Thursday, February 11, 2016

BG Grand Fondo Options 2016

Grand Fondo Options 2016
Keen to extend the riding into some new and amazing scenery during 2016? Some great options have been scouted for Grand Fondo rides during 2016 and it would be great to see some more BG kit amongst thousands of other riders.
So, diaries at the ready please; there are three options on the table:

Amy’s Grand Fondo – Lorne – Sunday, 11 September 2016
125km – Approx. 2800 metres vertical

I’ve done this event the last two years and Mo B can also vouch for its incredible scenery, fully closed course and impressive organisation. The course is harder than it looks on paper, with the majority of the course being undulating with ramps of 50 – 100 metres vertical seeming to appear around every corner. Only around 20km at the back of the course is in the open with no change in elevation.

The big climb is Skenes Creek, which has shades of Montacute technically and is slightly longer than Greenhill. The course also finishes with 7-8km of relatively hard stuff before an amazing decent back into Lorne. There aren’t really any ramps in excess of 11-12 percent on either climb through.

Accommodation in Lorne is $$$$ so I have stayed in Geelong the last two years, which is an easy 80-minute drive on the morning of the event.
If you are going to do one Grand Fondo in Australia, this is probably the one. You can take it as seriously as you like by entering in the age categories if you want to race, or, if you are lazy like me and just like a good day out, start with the ladies on hybrids and finish with the wannabes on Dogmas.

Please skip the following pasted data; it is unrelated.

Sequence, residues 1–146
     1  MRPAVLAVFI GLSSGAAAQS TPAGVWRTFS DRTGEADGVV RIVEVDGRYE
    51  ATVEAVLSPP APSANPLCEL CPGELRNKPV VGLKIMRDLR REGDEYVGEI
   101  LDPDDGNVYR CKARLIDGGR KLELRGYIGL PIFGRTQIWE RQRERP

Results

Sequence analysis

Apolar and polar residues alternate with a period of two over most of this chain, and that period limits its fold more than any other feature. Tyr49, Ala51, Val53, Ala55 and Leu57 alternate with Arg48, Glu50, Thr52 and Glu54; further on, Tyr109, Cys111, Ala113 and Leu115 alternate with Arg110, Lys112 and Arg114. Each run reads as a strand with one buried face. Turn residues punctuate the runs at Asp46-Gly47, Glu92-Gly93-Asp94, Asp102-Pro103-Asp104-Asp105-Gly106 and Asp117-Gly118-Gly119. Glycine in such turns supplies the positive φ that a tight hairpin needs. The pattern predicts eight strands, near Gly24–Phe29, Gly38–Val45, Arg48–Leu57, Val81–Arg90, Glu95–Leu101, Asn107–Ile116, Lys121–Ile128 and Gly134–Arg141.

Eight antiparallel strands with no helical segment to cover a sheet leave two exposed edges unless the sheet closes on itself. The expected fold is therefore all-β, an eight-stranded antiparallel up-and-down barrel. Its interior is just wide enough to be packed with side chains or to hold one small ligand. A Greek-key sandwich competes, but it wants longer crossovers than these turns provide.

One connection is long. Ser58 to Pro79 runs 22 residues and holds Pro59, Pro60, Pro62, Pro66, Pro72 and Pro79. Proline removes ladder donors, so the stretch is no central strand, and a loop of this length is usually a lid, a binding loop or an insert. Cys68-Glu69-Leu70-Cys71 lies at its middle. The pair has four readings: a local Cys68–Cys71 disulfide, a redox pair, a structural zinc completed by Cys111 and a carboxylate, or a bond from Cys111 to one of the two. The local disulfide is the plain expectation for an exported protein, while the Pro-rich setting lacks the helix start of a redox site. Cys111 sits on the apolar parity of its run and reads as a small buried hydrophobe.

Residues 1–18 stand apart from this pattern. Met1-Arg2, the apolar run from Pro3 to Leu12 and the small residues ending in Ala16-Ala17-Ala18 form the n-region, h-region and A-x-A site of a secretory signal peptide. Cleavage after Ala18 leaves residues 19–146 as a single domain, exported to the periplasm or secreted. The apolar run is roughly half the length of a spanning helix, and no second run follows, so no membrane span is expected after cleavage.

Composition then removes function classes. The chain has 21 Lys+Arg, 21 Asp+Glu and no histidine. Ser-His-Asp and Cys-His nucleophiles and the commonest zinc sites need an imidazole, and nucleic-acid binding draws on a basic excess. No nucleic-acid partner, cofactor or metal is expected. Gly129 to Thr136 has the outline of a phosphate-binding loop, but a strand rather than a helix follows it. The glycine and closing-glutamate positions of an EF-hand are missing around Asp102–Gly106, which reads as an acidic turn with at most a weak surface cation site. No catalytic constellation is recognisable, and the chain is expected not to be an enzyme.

Giro Della Donna – Warburton – TBC November 2016
124km – Approx. 2800 metres vertical

I lined up for the first edition of this ride, organised by Wade Wallace of Cycling Tips fame, last November with 800 other riders. I realised quickly that there were no ladies on hybrids or wannabes on Dogmas and my key goal would be to make the time cutoffs.

The course makes the AGF course look decidedly drab and for those of us used to the relatively flat lands of Adelaide is gob-smackingly beautiful. Which is good to take your mind of the fact that it is genuinely tough. Twenty odd kilometres of flats softens you up for 25 kilometres of climbing up Reefton Spur. A quick decent before another 150 vertical and it is time for a 600 metre drop into Marysville.

After ten kilometres or so, you turn onto the Acheron Way which presents an almost religious experience. A 1-2 percent grade endures for the next 30 odd kilometres, and as a bonus treat, after 20 kilometres, the road turns to gravel. A brief decent on the gravel and it is on to the 650 metre ascent of Mount Donna Buang. Starts quite hard, gets really hard and then cramp inducing. Pace is the key. The summit is the timed finish at 1250m AGL but you then have a fast 22 kilometre drop back to Warburton.

I finished about 80 percent of the way through the field, just over two hours behind the various NRS riders at the front. Accommodation is plentiful and fairly cheap in the general vicinity.

L’Etape Australia – Jindabyne – Saturday, 3 December 2016
160km – Approx. 3000 metres vertical
130km – Approx. 1800 metres vertical

ASO, organisers of the Tour De France and general thorn in the side of the UCI are organising this one as yet another cash making venture.
The course isn’t known as yet, but we do know it will be based around Jindabyne and on fully closed roads.

I’m happy to do a bit of coordination work, but, and I know this is hard, people need to commit to rides some time in advance. I’m not going to do all three of these rides, but will get to at least one and maybe two of them depending on who else in the orange and black I can drag along.